The newly formed local government went about building a new nation by establishing various new state agencies.

The transformation was captured in Lion City, a love story between a female factory worker and the son of a factory owner, which was set against the backdrop of a developing Singapore.

Still from 'Lion City' (Film source: Asian Film Archive. Courtesy of ©Cathay-Keris Film Pte. Ltd.)
Still from 'Lion City' (Film source: Asian Film Archive. Courtesy of ©Cathay-Keris Film Pte. Ltd.)

JS: That it was the first Chinese language film by Cathay-Keris speaks for itself. It was probably made for the dominant Chinese population and was shot extremely well. Did it have a bigger budget? The sensibilities and values of this film contrast quite significantly from the Malay ones. I thought many scenes hinted at propaganda and nation-building values.

I like the film for its more feminist take of the wilful young female protagonist and her relationships within different social classes. My favourite scenes include women working in the rubber factory and a very cinematographic depiction of the protagonist on top of Mount Faber looking at the city line at night. It recalls the Rückenfigur motif in German Romantic paintings. The name “Lion City”, which the characters refer to as well, also seems both a romantic and political imagining of the country.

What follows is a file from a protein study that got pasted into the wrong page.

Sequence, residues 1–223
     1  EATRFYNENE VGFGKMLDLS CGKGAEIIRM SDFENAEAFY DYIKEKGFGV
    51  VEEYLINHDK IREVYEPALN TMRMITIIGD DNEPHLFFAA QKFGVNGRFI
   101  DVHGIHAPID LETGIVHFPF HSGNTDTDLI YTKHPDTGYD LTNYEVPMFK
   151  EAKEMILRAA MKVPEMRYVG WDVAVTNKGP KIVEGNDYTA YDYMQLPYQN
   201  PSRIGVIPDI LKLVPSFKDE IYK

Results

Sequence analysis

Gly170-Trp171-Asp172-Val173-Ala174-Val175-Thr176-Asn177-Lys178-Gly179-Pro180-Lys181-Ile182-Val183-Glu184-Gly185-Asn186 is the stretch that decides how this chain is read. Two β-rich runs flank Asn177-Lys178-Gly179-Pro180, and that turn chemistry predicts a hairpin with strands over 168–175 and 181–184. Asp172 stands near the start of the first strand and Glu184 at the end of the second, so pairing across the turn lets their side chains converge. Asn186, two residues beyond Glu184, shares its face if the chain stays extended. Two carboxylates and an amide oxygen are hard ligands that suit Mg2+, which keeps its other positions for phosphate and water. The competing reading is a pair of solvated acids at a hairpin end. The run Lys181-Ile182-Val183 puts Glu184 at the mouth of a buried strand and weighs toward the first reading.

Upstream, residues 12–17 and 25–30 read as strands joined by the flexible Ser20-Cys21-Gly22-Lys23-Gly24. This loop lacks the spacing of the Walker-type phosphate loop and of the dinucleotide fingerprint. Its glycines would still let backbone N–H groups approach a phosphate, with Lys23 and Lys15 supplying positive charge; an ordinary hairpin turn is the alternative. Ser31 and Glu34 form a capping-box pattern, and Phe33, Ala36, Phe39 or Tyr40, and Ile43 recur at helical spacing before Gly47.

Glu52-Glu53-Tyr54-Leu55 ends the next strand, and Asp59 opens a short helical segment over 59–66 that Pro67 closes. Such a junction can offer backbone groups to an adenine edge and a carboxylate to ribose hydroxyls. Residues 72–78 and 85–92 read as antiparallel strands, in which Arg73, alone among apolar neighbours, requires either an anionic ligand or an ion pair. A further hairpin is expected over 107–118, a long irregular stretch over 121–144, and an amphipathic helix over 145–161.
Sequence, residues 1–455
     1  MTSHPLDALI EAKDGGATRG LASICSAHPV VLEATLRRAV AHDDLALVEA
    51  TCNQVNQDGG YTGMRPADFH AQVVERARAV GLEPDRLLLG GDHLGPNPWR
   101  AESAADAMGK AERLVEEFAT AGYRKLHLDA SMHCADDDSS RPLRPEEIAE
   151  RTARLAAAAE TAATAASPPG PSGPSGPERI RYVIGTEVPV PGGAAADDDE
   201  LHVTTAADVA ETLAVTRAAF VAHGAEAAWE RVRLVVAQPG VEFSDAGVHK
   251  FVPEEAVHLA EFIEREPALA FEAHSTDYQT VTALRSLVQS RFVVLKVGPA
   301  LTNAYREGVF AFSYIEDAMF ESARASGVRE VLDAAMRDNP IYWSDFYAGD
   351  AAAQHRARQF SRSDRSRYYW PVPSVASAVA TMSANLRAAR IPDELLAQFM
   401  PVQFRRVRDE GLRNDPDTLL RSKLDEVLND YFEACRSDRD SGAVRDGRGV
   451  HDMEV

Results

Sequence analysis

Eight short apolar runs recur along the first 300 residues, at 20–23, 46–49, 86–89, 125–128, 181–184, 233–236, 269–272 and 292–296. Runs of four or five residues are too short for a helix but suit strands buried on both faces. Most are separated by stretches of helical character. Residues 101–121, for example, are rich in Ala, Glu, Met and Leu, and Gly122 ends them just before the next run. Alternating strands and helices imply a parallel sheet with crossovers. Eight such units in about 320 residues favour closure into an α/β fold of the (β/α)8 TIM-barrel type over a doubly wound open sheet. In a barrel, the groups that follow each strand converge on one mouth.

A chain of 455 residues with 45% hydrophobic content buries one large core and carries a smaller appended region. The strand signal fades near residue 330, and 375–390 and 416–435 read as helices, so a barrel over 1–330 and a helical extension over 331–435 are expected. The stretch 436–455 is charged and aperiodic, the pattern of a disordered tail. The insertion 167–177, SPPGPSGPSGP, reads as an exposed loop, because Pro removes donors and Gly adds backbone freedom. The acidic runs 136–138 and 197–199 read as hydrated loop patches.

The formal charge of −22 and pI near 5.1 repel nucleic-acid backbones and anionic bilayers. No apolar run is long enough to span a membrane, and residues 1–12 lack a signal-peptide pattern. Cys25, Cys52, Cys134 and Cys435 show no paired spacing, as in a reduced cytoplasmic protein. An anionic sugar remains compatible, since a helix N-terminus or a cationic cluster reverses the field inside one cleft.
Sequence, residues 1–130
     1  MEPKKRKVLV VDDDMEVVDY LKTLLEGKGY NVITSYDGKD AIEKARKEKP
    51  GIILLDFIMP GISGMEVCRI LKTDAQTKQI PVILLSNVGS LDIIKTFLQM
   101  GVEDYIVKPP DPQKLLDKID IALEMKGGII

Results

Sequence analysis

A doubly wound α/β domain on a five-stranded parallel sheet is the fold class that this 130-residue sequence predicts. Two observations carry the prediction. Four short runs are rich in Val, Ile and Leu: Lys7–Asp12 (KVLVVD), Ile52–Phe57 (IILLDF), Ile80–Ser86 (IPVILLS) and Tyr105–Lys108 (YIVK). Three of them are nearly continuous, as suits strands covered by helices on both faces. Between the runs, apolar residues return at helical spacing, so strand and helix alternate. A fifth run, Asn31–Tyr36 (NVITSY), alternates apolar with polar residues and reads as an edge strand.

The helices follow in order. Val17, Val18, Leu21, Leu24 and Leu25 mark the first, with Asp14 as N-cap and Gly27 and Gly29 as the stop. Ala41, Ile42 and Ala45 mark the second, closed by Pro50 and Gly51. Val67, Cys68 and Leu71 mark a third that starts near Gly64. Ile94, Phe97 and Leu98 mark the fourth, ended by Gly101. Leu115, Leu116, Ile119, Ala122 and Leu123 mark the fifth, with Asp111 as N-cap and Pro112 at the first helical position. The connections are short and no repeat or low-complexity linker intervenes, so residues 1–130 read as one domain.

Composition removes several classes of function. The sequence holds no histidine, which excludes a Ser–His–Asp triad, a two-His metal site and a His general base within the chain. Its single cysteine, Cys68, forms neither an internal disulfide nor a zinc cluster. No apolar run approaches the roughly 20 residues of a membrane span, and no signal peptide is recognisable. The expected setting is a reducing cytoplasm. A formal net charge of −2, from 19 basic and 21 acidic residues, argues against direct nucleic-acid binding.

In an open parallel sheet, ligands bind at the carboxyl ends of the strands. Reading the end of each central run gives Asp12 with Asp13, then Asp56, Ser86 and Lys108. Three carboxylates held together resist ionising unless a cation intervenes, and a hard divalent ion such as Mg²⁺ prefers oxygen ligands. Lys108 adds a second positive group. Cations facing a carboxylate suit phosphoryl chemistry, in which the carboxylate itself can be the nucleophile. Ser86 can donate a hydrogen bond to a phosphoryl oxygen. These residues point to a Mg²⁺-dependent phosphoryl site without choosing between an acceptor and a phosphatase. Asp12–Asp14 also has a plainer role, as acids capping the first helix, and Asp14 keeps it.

Another 1960 film released was Che Mamat Parang Tumpol, featuring the protagonist, Che Mamat, who perpetually lands himself in unlucky situations. His first assignment after becoming a journalist was to track down the notorious Black Hand Gang, which he inadvertently gets into trouble with, and a wild goose chase ensues.

Still from 'Che Mamat Parang Tumpol' (Film source: Asian Film Archive. Courtesy of ©Cathay-Keris Film Pte. Ltd.)
Still from 'Che Mamat Parang Tumpol' (Film source: Asian Film Archive. Courtesy of ©Cathay-Keris Film Pte. Ltd.)


JS:The entire plot of the film is driven by the incongruent element of the lazy native/kampung buffoon in the city who triggers a series of related events. The incongruency also extends to having an automobile in a kampung by the beach. Always in this film, you have a contrast between an idyllic kampung and the modern, fast-paced city.